AVIATION FUELS ARE CLASSIFIED INTO TWO GROUPS:
- Avgas 100LL (aviation gasoline): available at Wilson Airport only.
- Jet A-1 (aviation turbine fuel): available at all our airport locations in Kenya.
Manufacturing specifications for aviation fuels are very stringent. When necessary, at every stage between refinery and aircraft tank, fuel quality is checked by sampling and laboratory analysis to ensure that the fuel conforms to the specification when it is delivered to the aircraft.
Avgas 100LL is a gasoline fuel for use in reciprocating piston engined aircraft. As with all gasoline, Avgas is very volatile and is extremely flammable at normal operating temperatures. Procedures and equipment for safe handling of this product must therefore be of the highest order.
Avgas 100LL aviation fuel has an octane rating of 100 and the LL stands for ‘low lead’. The octane rating ensures satisfactory combustion qualities defined as the anti-knock rating. The other properties are the distillation range and volatility which are important for mixture distribution and cold starting. Other specification items are included to ensure that the fuel has good storage life, will not corrode engines or fuel system components and can be satisfactorily supplied to the engine under all operating conditions.
All equipment and facilities handling Avgas 100LL are colour-coded and display prominently the API markings denoting the actual grade carried. To ease identification the fuels are dyed and Avgas 100LL is coloured blue.
Avgas fuelling nozzles for over wing dispensing are painted red, to help prevent the possibility of jet fuel being supplied to a piston engined aircraft. Nozzles for jet fuel (painted black) are normally a different shape and larger diameter than the aperture on most aircraft Avgas tanks.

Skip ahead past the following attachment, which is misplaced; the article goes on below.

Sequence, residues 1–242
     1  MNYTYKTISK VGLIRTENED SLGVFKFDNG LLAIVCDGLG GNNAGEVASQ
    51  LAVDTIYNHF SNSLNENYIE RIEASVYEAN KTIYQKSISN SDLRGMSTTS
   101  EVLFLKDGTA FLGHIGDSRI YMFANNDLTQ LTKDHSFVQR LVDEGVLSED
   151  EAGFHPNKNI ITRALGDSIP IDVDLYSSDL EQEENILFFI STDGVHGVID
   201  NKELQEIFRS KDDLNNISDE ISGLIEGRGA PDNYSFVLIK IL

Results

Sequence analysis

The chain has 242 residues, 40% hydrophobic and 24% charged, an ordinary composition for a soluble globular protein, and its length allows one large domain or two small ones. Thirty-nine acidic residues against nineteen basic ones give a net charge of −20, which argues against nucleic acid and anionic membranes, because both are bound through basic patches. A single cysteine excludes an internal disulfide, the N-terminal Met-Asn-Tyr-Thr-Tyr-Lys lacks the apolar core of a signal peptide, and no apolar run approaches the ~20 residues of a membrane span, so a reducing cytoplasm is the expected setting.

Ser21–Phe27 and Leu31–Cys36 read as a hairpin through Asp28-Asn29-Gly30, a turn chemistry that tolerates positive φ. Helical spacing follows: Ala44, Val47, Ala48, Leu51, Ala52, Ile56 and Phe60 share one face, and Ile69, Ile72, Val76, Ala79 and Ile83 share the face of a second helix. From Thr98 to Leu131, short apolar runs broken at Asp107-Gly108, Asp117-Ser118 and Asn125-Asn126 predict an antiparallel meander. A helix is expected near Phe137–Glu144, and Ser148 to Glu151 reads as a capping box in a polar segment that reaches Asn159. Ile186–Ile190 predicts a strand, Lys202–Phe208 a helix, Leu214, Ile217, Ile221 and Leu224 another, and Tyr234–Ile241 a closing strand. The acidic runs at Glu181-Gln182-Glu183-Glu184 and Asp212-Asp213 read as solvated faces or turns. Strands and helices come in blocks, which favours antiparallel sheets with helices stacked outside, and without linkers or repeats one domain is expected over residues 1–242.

Aviation turbine fuels are used for powering jet engines, turbo-prop engines and more recently diesel piston engines in aircraft.
Jet A-1 is a kerosene grade of fuel suitable for most turbine engine aircraft. It is produced to a stringent internationally agreed standard, has a flash point above 38ºC (100ºF) and a freeze point maximum of -47ºC. Jet A-1 is the usual fuel for turbines in the world. Jet A-1 meets the latest version requirements of British specification DEF STAN 91-91, ASTM specification D1655 and NATO Code F-35.
In specifying requirements for jet fuels, the main objective is to ensure that fuel systems will function satisfactorily over a wide range of temperatures and pressures.
These environmental factors can be very severe owing to the conditions under which modern jet aircraft operate. In addition to these requirements, engine developments and the continual effort to lengthen the period between engine overhauls has led to the introduction of a number of new sophisticated specification requirements, far removed from those for aviation gasoline. Among these are the need for high thermal stability, low luminosity and compatibility with certain fuel system materials.
Aviation kerosene is the most common fuel in commercial use. The standard civil grade of aviation turbine fuel, Jet A-1, is manufactured to meet the requirements of the latest version of the Aviation Fuel Quality Requirements for Jointly Operated Systems (AFQRJOS) "Check List".
The Check List was drawn up by the major international oil supply companies to ensure uniform quality standards for civil jet fuels world-wide (excluding USA) and comprises the most restrictive requirements of the major fuel specifications. Compliance with Check List requirements thus guarantees meeting the requirements of the individual specifications.